Tourism minister calls for Europe to drop long haul taxes

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Unless a number of European countries drop long-haul taxes, long-haul flight destinations such as South Africa will be negatively effected, seeing drops in tourism and employment, according to tourism minister Marthinus van Schalkwyk.

At a media briefing in Berlin on Friday, van Schalkwyk said the expected increase in ‘discriminatory’ taxes imposed on international travel by a number of European countries will negatively affect the tourism sector for long haul destination countries, as will the European Union’s decision to include aviation in its emissions trading system from next year.

The 2012 carbon trading tax is expected to add R11.7-billion to European carriers’ costs, Stephen Forbes, spokesperson for British Airways, said. “Essentially, airlines are being taxed twice (by the UK and EU) for the same thing.”

Van Schalkwyk presented a statement issued by organisations representing 33 destinations considered as long-haul from Europe. The representatives, from countries such as Australia, Kenya, New Zealand, the Seychelles and Singapore, were attending ITB Berlin, an important travel industry convention.

Van Schalkwyk said the organisations, “express concern that these unilateral taxes and the basis for their calculation are inherently discriminatory. These taxes will be favouring short flights over long haul travel and, more specifically, some taxes discriminate against long haul destinations through so called “distance banding” based on distances to capital cites. The order of magnitude of these taxes on long-haul destinations is excessive. The International Air Transport Association (IATA) estimates that flight costs on these routes could increase by 3-5%, which will have a negative impact on passenger numbers, tourist volumes and downstream tourist receipts in long haul destinations.”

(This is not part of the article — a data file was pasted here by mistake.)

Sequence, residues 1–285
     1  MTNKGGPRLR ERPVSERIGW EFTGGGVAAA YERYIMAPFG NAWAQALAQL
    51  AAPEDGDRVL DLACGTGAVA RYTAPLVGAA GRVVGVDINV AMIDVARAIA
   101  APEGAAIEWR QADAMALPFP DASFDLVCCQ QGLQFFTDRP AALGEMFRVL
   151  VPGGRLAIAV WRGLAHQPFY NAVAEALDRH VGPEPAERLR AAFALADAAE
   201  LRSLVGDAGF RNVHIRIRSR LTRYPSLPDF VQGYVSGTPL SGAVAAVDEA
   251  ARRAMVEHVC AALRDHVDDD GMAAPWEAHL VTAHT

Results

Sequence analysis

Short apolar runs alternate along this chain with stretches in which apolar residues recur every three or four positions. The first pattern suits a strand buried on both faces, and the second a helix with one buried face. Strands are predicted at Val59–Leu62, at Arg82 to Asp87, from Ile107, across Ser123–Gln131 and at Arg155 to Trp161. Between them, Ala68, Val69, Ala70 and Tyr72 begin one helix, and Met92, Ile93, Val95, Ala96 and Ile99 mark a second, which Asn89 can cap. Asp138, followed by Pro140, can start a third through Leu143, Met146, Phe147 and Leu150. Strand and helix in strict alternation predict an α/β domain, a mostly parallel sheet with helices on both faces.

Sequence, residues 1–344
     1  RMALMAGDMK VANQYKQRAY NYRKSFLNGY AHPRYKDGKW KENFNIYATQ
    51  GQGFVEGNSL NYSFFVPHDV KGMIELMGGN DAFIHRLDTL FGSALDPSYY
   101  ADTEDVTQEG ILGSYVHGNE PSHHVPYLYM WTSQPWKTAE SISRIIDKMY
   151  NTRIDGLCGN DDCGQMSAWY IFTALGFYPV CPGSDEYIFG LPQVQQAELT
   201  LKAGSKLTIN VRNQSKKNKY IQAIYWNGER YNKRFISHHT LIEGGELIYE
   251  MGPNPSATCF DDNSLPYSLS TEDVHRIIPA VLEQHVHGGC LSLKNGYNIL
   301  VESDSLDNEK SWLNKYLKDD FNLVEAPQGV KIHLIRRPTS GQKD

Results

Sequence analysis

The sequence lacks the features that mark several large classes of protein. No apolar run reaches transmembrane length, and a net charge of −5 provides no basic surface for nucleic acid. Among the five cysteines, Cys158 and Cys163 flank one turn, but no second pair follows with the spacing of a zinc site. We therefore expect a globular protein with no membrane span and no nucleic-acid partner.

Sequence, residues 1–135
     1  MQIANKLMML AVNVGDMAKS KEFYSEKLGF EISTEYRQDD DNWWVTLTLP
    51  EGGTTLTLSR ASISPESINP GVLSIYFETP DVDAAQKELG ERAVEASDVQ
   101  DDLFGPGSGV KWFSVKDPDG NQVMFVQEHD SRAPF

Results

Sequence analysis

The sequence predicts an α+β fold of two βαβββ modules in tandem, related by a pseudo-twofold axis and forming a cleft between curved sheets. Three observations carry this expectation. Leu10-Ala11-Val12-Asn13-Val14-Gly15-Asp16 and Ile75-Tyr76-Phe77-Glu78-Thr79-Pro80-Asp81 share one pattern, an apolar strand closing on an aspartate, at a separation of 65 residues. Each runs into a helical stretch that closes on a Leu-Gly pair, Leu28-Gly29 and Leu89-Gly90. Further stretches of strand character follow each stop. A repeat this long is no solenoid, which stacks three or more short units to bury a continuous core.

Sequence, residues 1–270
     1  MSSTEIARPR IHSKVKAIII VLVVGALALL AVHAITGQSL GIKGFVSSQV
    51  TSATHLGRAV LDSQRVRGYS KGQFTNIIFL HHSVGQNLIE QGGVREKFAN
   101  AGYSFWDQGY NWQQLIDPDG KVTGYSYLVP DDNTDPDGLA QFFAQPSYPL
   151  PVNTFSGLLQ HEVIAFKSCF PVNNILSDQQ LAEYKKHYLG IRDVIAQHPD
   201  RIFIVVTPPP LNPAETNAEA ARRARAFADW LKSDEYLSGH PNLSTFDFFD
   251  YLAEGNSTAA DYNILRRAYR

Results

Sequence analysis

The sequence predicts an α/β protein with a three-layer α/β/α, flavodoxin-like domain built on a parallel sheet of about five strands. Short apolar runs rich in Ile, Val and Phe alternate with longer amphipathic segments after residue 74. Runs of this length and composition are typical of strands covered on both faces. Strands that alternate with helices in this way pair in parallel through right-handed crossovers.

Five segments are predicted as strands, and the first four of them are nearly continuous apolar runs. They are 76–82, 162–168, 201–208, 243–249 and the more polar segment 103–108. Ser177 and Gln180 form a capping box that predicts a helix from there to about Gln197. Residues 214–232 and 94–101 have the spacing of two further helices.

In Europe, travellers have alternatives (such as rail) to avoid extra flight taxes, but for long-haul travel there are not practical alternatives, van Schalkwyk said. “We therefore call on the countries involved to reconsider these excessive discriminatory taxes that adversely affect long haul destinations, many of which are in developing economies.”

Van Schalkwyk said that the taxes were initially thought to be environmental levies but this was actually not the case as it became clear the proceeds were not reinvested for environmental purposes or green growth initiatives in aviation and tourism.

Forbes said that the revenue generated from the air passenger duty paid in the United Kingdom was introduced as a green tax but went straight to the national treasury.
“One is inevitably left with the impression that it was designed in a way that prioritises fiscal objectives over environmental effectiveness – while presenting the opposite position,” Van Schalkwyk said.

The release noted that tourism “is particularly important as a source of export revenue, contributing 30% of the world’s services exports – amounting to US$1 trillion – and 45% of the total services exports in developing countries”.



The number of tourists visiting South Africa rose by 15% last year, nearly twice the global average of 8%, Business Day reports.